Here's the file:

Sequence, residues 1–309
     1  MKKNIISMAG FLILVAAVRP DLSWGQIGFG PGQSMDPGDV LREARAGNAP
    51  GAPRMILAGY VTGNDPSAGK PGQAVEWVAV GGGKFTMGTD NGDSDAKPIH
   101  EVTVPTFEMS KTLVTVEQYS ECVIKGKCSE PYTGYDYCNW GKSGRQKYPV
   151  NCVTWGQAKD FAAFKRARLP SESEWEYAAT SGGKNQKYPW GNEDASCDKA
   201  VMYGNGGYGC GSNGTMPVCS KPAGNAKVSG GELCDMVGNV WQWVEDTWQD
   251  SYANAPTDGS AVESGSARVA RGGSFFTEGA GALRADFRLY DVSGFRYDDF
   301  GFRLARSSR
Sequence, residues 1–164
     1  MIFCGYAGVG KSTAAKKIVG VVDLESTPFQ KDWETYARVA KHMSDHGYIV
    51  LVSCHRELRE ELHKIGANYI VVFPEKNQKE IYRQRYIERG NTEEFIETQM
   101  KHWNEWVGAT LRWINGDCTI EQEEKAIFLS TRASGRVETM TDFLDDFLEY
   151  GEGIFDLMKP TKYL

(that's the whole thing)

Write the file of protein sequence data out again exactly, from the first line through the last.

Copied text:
Sequence, residues 1–309
     1  MKKNIISMAG FLILVAAVRP DLSWGQIGFG PGQSMDPGDV LREARAGNAP
    51  GAPRMILAGY VTGNDPSAGK PGQAVEWVAV GGGKFTMGTD NGDSDAKPIH
   101  EVTVPTFEMS KTLVTVEQYS ECVIKGKCSE PYTGYDYCNW GKSGRQKYPV
   151  NCVTWGQAKD FAAFKRARLP SESEWEYAAT SGGKNQKYPW GNEDASCDKA
   201  VMYGNGGYGC GSNGTMPVCS KPAGNAKVSG GELCDMVGNV WQWVEDTWQD
   251  SYANAPTDGS AVESGSARVA RGGSFFTEGA GALRADFRLY DVSGFRYDDF
   301  GFRLARSSR
Sequence, residues 1–164
     1  MIFCGYAGVG KSTAAKKIVG VVDLESTPFQ KDWETYARVA KHMSDHGYIV
    51  LVSCHRELRE ELHKIGANYI VVFPEKNQKE IYRQRYIERG NTEEFIETQM
   101  KHWNEWVGAT LRWINGDCTI EQEEKAIFLS TRASGRVETM TDFLDDFLEY
   151  GEGIFDLMKP TKYL